However, the shots within the alien spaceship I thought displayed quite a high level of production value. The make up was impressive and the lighting was atmospheric. The main problem is it's teen cast that just takes up space. They are written as generically as can be and for a film trying a unique angle such as Final Recall, that just doesn't mix. Wesley Snipes, I repeat, is oddly engaged, and he cobbles together something resembling a layered performance and the charm he brings alone proves that he is not just the black Steven Seagal. That would of course be Steven Seagal, brother.

Final Recall benefits from a good Wesley Snipes performance and some production value, but it flounders in its story and it's long awkward pauses in momentum. It's a floundering, mediocre film that I can't in good faith recommend.

Gallowwalkers
(2012)

Neat horror western with neat camerawork and art direction
Gallowwalkers is possibly the best Wesley Snipes film i've seen so far. It's an intriguing blend of horror and western that features authentic Leone direction and photography as well as superb prosthetics and art direction. Most of which is let down by terrible music which is barely audible. More soundscape than soundtrack, which does not work so well with these sprawling landscapes. They require an epic score and Gallowalkers does not deliver.

Apart from the music though, there is not much else bad I can say about this film. It's Leone meeting Clive Barker and that's that. The costumes are neat, the performances are fit for purpose and the violence is satisfying. This is a fantastic genre hybrid of horror and western and I have no problem recommending it at all to fans of such things.

Full English Breakfast
(2014)

In the word's of Mark Kermode, I can't believe the will and money to make this film existed
This exemplifies the black hole of the British psyche, where one collides arrogance and self-debasement and transforms into the equivalent of a tortoise whose learnt to enjoy the smell of it's own farts. Lad's and Ladettes, i present to you the average Daily Mail reader as a film.

This is as flat and insipid as geezer cinema gets. This 18 cert makes a mockery of the BBFC. Full English Breakfast will try the patience of even the most hardcore of true crime fans. It's a cheap, passionless entertainment vacuum of a film that can serve only as ammunition for Dyer sympathisers. Flat direction, cheap locations and some of the worst sound design i've ever encountered. It's a Hackney'ed humdrum descent into the lions den that makes me consider that Dave Courtney might actually have had more to offer than what's been demanded of him here. A bunch of TV stalwarts trying to be filmmakers is what makes up most of the landscape of the British Commercial film scene and Full English typifies why this is a very bad thing, but also why it doesn't have to be this way. The film's cinematography is impressive and i totally believe that the editor/D.O.P was a comic artist as was enthusiastically pointed out in the complementary making of. I also thought the flashback sequences were executed well and inserted with care into the narrative.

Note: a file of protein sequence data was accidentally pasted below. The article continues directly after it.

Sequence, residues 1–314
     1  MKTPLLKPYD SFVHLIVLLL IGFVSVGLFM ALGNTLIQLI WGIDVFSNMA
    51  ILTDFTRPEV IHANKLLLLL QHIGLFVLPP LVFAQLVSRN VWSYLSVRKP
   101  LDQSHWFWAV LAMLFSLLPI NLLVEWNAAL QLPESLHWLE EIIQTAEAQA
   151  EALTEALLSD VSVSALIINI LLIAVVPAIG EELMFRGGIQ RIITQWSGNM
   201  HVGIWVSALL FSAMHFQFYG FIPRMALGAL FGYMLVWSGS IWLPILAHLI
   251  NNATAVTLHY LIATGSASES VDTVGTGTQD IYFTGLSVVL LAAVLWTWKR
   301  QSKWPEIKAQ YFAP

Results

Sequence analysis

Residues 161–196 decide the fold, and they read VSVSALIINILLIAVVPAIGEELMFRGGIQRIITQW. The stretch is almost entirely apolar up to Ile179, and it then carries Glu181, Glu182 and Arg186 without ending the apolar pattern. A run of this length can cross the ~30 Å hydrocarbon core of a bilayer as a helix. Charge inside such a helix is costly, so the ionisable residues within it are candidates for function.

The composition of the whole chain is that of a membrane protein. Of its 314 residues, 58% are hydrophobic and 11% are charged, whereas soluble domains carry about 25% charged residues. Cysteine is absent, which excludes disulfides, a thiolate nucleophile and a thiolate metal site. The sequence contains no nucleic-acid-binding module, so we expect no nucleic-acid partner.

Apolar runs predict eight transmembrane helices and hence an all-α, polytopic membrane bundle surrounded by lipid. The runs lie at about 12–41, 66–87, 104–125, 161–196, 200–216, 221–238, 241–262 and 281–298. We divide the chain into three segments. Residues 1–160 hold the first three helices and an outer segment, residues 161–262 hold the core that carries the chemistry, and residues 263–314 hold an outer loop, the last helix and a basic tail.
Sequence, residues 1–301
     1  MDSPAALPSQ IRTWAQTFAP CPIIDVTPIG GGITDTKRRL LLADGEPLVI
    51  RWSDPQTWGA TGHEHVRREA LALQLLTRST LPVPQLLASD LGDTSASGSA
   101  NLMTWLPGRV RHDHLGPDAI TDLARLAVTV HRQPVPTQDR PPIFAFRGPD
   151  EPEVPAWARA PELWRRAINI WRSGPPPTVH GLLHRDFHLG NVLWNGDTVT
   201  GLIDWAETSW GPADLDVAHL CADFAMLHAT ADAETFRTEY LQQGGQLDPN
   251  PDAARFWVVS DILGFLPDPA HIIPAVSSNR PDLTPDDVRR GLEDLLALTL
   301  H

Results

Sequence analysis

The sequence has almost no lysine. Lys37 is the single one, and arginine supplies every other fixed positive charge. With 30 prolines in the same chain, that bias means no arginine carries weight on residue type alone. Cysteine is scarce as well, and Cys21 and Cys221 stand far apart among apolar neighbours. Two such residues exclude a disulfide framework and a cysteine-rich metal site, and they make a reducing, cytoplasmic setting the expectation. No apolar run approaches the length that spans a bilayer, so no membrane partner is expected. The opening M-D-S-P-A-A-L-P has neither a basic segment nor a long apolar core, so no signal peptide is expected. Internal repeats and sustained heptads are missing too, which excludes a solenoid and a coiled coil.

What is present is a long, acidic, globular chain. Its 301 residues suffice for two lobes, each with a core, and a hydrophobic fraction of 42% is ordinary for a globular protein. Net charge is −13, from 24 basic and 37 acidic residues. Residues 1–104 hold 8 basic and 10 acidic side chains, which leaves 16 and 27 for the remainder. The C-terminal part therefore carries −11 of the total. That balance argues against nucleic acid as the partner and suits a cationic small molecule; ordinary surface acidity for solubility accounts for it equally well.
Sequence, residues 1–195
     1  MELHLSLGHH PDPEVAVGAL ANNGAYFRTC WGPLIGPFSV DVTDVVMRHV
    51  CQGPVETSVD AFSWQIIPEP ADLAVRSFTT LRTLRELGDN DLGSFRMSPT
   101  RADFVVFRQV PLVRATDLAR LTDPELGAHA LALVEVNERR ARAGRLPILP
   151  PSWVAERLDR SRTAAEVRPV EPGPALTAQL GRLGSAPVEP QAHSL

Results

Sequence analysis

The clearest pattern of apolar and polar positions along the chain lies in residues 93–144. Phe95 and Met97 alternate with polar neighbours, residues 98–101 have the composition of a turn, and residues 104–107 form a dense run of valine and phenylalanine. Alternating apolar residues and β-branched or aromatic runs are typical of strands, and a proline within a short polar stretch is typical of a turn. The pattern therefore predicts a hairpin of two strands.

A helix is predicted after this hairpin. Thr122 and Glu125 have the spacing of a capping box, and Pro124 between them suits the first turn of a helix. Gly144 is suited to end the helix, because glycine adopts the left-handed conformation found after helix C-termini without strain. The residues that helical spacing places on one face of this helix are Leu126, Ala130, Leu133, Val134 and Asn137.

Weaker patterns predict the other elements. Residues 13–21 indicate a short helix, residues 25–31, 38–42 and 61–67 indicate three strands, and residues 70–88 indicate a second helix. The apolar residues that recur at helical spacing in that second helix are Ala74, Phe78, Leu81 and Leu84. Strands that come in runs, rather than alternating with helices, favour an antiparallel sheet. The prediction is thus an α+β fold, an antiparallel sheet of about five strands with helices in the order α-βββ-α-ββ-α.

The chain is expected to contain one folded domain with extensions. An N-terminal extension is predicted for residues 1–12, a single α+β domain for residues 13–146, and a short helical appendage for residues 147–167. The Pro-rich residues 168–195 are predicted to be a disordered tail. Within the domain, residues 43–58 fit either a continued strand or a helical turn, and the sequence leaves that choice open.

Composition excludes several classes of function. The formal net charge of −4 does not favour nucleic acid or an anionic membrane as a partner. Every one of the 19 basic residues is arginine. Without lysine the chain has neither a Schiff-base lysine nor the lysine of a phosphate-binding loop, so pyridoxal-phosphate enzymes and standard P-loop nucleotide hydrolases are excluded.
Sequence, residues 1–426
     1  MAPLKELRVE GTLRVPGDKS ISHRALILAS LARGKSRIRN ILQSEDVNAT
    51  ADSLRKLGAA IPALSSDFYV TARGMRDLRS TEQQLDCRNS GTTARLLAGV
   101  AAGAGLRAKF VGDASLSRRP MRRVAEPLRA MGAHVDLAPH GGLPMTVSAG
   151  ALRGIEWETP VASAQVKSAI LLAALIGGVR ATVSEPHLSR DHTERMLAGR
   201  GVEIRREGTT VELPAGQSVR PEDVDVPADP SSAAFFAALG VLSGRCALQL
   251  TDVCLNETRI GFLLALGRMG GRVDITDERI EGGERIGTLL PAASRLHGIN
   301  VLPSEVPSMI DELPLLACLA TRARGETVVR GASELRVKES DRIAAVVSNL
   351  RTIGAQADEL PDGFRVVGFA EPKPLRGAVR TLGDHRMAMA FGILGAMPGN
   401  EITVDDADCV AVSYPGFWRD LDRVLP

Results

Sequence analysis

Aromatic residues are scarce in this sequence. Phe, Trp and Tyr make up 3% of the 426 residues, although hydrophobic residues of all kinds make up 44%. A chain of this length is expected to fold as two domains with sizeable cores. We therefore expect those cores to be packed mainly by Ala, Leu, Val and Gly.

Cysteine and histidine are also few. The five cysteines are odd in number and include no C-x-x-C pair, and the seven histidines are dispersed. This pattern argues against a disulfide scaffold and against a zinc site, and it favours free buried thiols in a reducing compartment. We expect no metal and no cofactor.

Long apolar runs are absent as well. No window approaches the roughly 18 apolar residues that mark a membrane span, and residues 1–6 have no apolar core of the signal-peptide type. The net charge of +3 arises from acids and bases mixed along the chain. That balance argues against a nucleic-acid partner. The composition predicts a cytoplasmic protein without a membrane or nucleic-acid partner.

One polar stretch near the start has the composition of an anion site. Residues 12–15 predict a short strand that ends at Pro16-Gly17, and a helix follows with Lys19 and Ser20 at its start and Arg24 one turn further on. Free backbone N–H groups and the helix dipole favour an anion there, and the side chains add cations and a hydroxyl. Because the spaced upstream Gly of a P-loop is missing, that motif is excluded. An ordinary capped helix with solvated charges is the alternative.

It's not that the people who make these film's are not good filmmakers. It's just that there is a severe lack of ambition surrounding the whole arena of Independent Commercial British cinema. There's no money you say. Well find some! Ever heard of pre-sales? Countries that are not the UK that might want part of the scene? I'm sick of the punters who complain that these film's try to appeal too much to the Americans. Do you really prefer what we had before, which was nothing? Not a shining defence, but it's the truth.

The DV filmmaking option has only been widely available for a decade and still has quite the way to go. It's early days, but these films can be done in an interesting way.

Full English ain't interesting, in the slightest, but it shows that literally anybody can now make a film and with roughly 25 million in this country, there are some out there that can do it. I just hope that they realise that and give us something more to write about than just abuse.